In Northern Ireland the NHMF Code Books have become synonymous with housing sector maintenance. The amazing thing is though is each housing association applies things slightly differently. But that is not the only issue. What we have noticed is a massive increase in the emergency job requests issued by 27% from the pre-tender information that gets issued. I have chatted to most maintenance contractors in NI over the last year or so and this trend is everywhere. It is easy to see why that happens as the rate a contractor gets for an emergency job is the same for a routine classified job. However, that continuing trend will drive costs higher. One way to prevent the misuse of the job classification is to introduce a separate percentage adjustment for Emergency classification compared to other classifications which is found in other schedules such as the PSA.
There is a drive for more units to be built and added to portfolios. Indeed in Northern Ireland we need to get 10,000 units per year for 10 years to deal with the 'housing stress'. That figure is a mixed portfolio of private, social, public, and rented. The Housing Association movement is doing fabulous work in adding to the portfolio and soon we expect the Housing Executive to shoulder up beside them to push the boulder harder and faster up the hill. All very welcome. The challenge though is how we make sure the houses are of top quality. This used to come through a traditional type of procurement with the client engaging their internal or external designers and making sure it was designed to the correct specification. However, more appear to be coming through via ‘Off The Shelf’ or Design and Build. Anyone in the maintenance side will no doubt have had conversations with their respective development side of their association at one point or another but while there was limited control through the traditional procurement model and how it was specified, the 'OTS' and competitive D&B is certainly showing us, to be poor workmanship and inferior materials or non-certified material's. Housing Association maintenance departments are picking up excessive tabs to brings some of these units into line with the Housing Association design criteria and safe home standards.
For me, this is not value for money, as the maintenance costs are not, in my opinion, analysed fully as much as it should be over on the development and acquisition budgets.
How does this relate back to the NHMF books? The standardised code book is designed largely on a standard specification. The Housing Association stock in Northern Ireland is a very wide and diversified architecturally portfolio. Something as simple as ironmongery, which is already one of the toughest items to procure, has no standard specification and indeed the likes of non return door handles and internal door handles could vary into dozens of types across each association. This makes a first time fix nearly impossible. Recently we were met with a Change of Tenancy. At pre-inspection the customer had installed all new non-standard santiaryware. Upon taking possession to carry out the COT works the sanitaryware had all been removed. Unfortunately, we are seeing more of this albeit not in the same scale.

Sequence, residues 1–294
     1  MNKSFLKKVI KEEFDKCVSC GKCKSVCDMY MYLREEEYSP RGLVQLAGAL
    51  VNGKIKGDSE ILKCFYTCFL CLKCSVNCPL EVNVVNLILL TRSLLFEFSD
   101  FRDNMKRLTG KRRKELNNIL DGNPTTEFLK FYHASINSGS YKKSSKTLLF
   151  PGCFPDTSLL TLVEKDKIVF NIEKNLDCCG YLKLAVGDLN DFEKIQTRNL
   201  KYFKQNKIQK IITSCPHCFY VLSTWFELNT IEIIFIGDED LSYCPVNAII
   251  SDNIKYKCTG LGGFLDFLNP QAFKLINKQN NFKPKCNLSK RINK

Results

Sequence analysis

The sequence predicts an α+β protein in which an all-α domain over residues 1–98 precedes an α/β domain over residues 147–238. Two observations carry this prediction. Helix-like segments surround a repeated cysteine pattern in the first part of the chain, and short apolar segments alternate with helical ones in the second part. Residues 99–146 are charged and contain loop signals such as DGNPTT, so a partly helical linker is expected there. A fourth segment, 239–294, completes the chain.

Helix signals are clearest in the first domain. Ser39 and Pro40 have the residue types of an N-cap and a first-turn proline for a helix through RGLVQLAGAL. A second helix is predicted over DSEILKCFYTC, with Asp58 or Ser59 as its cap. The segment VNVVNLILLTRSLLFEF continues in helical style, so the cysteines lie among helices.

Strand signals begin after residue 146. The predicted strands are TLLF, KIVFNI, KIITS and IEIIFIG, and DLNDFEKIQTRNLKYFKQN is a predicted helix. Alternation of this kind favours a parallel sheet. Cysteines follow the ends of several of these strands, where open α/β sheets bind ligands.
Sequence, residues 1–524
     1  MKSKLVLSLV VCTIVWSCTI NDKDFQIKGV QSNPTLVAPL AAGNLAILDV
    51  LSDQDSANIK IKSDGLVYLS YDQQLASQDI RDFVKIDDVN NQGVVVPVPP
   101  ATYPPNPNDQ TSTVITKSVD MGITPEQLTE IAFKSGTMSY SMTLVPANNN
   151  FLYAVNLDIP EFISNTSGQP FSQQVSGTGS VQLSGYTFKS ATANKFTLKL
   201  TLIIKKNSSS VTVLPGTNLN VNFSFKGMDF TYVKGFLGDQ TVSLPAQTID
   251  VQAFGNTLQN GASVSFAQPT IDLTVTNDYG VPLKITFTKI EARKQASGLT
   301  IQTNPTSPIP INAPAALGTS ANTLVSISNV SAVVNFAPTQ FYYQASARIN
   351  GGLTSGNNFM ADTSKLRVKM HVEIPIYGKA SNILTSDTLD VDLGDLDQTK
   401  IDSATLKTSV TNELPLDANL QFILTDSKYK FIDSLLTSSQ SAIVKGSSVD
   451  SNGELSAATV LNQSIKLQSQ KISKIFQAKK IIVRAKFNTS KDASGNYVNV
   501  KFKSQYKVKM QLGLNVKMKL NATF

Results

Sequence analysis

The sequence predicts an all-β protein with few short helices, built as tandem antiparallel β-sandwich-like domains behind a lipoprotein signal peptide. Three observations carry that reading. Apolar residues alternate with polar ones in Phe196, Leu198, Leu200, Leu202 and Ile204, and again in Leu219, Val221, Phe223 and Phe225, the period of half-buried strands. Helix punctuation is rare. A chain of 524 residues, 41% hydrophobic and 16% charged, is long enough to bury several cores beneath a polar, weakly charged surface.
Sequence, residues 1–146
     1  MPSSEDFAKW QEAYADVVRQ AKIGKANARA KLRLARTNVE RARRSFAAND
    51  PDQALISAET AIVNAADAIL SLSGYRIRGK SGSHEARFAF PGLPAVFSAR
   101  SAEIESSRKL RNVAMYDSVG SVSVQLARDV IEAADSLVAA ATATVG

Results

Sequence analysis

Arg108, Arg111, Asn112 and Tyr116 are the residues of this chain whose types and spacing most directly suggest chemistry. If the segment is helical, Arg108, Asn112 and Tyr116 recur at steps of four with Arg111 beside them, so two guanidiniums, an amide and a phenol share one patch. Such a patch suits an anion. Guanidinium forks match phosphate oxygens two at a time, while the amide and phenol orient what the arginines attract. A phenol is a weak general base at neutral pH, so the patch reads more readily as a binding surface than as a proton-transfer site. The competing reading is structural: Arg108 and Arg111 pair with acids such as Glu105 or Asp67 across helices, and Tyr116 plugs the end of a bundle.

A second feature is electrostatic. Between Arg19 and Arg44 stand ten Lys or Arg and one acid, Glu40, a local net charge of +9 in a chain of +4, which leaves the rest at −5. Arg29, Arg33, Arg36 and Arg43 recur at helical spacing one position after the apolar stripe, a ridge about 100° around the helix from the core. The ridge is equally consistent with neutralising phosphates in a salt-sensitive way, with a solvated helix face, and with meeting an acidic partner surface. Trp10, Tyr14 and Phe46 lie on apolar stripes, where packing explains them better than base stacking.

This is only fixed if there was a standardised list of approved materials and well trained Housing Maintenance Officers are in place.
Some will say sure we have a Building Control Certificate. Unfortunately, Building Control is more of a certificate collection service these days. The scope of the Regulations has become so wide and technical it would require numerous specialist surveyors to give a full detailed check on 'OTS' and other properties. It may be best for Housing Associations to employ specialist consultants before acquiring new properties.
How to improve?
There are actually many ways we could improve. One way could be long-term design, build and maintain contracts or PPP contracts. These would put more emphasis onto the development contractor to ensure the standard of work and quality of materials are in the right range of price and longevity. Of course the ongoing issue is the customer usage (or misuse) of the home. Just this weekend i was alerted to some very serious vandalism to a block in Belfast via another customers Facebook page. In my view, we need more Housing/Maintenance officers who are in the community looking after smaller numbers of homes.
Other simple measure's could be looking at how repairs are reported and more importantly to whom? As our customers engage with technology could the process be more streamlined?
Can we change the inflationary index from CPI (cinema ticket, holiday to Spain, pint of beer etc) to BCIS (RCI or OPI which account for construction outputs)? This would give longer term contracts more value.
Could we create the Emergency job classification as a separate pricing adjustment in the NHMF Schedule?
Could we include planned maintenance works as part of an all-inclusive maintenance contract. This would streamline things and ensure there is a mix for contractors allowing rotation of staff who often get bored/complacent with pure responsive repairs.
Could the contractor fully handle the repair request? The feedback we get often is that our collective customers want the reporting of a repair eased, they want speed in getting a convenient appointment, they want a good service by the operative attending to a high quality.
To achieve all those things, it requires more collaboration and out of the box thinking. It will require both client and contractor taking a leap together into a new territory for housing maintenance in Northern Ireland. The greatest assets an Association has are its homes and its people. I can't help with the people front but I do ask the question how many list the maintenance contractor as a key stakeholder in developing and maintaining one of your greatest assets to fulfilling your mission?
Contact me today to engage in what CTS could do for you and how we can change the maintenance landscape in NI.
Connaire [dot] mcgreevy [at] wearects.co.uk